The National Assembly and the Tennis Court Oath. Needless to say, the Third Estate wasn't all that happy with this plan. As a result, they met in a nearby tennis court and declared themselves the ...
More Tennis Court Oath For Dummies images
1. The Tennis Court Oath was a pledge taken by Third Estate deputies to the Estates-General. It was sworn in a Versailles tennis court on June 20th 1789. 2. After days of disputes over voting procedures, the king scheduled a séance royale for June 23rd. When the Third Estate gathered to meet on June 20th, they found the doors to their meeting hall locked and guarded.
The Tennis Court Oath June 1789 History Guide Primary Source Refusing to be outvoted and demanding that the masses who work and pay taxes be heard, the representatives of the Third Estate regrouped at the Tennis Court of Versailles to proclaim themselves the National Assembly. They vowed not to
Tennis Court Oath, French Serment du Jeu de Paume, (June 20, 1789), dramatic act of defiance by representatives of the nonprivileged classes of the French nation (the Third Estate) during the meeting of the Estates-General (traditional assembly) at the beginning of the French Revolution. The deputies of the Third Estate, realizing that in any attempt at reform they would be outvoted by the two privileged orders, the clergy and the nobility, had formed, on June 17, a National Assembly.
The Tennis Court Oath. THE TENNIS COURT OATH.'. PROBABLY in no period of history is the temptation to exaggerate the importance of dramatic events by a false isolatfon so great as in the early years of the French Revolu- tion. This tendency renders the reconstruction or reinterpre- tation of the history of this epoch especially necessary.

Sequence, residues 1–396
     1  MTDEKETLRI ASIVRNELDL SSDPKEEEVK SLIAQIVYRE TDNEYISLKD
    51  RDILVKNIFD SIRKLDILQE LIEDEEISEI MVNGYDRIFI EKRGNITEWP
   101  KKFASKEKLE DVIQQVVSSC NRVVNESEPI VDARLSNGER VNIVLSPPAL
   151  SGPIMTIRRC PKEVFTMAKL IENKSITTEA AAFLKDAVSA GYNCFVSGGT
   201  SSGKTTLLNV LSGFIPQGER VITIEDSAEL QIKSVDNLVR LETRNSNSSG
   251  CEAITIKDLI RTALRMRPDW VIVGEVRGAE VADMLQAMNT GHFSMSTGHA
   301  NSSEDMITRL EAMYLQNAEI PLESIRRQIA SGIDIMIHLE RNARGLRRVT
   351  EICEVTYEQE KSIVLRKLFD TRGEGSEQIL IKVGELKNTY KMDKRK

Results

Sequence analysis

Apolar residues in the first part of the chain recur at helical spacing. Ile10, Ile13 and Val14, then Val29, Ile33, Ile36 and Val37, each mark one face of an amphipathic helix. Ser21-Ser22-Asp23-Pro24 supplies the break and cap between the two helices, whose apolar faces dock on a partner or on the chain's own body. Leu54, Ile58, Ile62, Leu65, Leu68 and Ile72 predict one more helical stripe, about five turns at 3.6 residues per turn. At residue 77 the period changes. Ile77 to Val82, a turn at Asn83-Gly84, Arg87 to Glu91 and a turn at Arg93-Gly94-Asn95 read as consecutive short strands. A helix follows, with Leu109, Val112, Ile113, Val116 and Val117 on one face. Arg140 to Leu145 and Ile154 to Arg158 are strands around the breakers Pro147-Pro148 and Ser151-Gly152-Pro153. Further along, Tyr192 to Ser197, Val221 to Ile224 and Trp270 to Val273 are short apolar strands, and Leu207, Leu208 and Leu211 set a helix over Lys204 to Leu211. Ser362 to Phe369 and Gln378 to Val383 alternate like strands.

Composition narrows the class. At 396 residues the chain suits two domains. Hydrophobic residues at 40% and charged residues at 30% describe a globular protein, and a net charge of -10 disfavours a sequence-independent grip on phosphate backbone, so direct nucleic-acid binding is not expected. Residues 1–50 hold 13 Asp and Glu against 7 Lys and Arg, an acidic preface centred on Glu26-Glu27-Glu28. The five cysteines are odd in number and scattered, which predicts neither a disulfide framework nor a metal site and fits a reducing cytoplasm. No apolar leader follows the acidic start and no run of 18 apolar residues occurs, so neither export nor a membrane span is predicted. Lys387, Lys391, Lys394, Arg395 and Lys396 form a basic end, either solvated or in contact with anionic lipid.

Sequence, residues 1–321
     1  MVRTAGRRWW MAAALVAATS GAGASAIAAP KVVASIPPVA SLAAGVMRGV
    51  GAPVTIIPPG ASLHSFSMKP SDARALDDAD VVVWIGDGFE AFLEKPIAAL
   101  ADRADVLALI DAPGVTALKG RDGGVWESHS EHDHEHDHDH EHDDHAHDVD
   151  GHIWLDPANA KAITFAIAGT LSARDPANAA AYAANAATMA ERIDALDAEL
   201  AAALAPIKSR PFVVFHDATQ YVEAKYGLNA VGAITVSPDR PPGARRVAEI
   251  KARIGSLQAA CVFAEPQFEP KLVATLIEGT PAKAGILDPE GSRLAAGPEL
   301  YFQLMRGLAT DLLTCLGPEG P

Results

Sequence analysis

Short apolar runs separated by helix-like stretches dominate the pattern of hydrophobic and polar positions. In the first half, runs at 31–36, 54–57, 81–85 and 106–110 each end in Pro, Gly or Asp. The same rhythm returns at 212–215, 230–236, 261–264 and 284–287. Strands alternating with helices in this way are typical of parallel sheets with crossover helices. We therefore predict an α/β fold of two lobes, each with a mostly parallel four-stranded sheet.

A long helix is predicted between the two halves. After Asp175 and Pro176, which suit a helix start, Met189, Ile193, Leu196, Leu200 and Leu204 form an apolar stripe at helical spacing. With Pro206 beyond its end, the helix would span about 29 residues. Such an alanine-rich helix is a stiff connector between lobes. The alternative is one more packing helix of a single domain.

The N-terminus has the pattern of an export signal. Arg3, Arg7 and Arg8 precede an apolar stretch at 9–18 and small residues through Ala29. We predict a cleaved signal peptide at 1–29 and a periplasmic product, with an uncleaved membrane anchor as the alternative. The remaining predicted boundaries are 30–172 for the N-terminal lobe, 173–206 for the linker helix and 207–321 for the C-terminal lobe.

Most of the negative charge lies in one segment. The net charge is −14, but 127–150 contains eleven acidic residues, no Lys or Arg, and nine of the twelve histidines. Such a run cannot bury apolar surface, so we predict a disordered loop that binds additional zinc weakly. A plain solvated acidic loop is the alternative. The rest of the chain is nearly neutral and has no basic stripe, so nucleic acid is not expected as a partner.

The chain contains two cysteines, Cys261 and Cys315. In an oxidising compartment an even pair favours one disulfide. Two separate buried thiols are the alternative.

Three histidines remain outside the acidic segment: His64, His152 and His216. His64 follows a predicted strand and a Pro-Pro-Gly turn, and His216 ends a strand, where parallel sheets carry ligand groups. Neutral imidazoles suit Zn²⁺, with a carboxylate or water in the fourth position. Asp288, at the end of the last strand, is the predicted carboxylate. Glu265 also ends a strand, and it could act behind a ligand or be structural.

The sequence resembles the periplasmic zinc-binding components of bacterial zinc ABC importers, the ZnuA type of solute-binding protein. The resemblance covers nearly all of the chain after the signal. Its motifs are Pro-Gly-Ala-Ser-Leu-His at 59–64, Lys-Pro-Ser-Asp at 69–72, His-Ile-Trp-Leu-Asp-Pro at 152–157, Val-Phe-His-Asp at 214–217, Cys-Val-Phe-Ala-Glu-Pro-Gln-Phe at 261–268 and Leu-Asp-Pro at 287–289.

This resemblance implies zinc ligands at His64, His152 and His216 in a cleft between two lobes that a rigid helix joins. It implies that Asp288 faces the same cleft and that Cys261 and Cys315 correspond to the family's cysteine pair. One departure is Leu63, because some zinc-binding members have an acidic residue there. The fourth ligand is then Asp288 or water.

The Tennis Court Oath, 17 June 1789. This painting is by David. On June 17, the Third Estate decided to break from the Estates General and draw up their own constitution. They also dubbed themselves the "National Assembly."
This illustration depicts the Tennis Court Oath (Le Serment du Jeu de Paume) of Versailles, 20 June 1789. The National Assembly, also known as the Third Estate, was an ancient but little used gathering of nobles, clergy and common people. They were excluded from their regular meeting place by King Louis XVI and met instead at a nearby indoor tennis court.
Meeting in defiance at an indoor tennis court at Versailles, the Third Estate swore not to separate until a constitution had been written for France. Only one delegate dissented. Their oath is known as the Tennis Court Oath .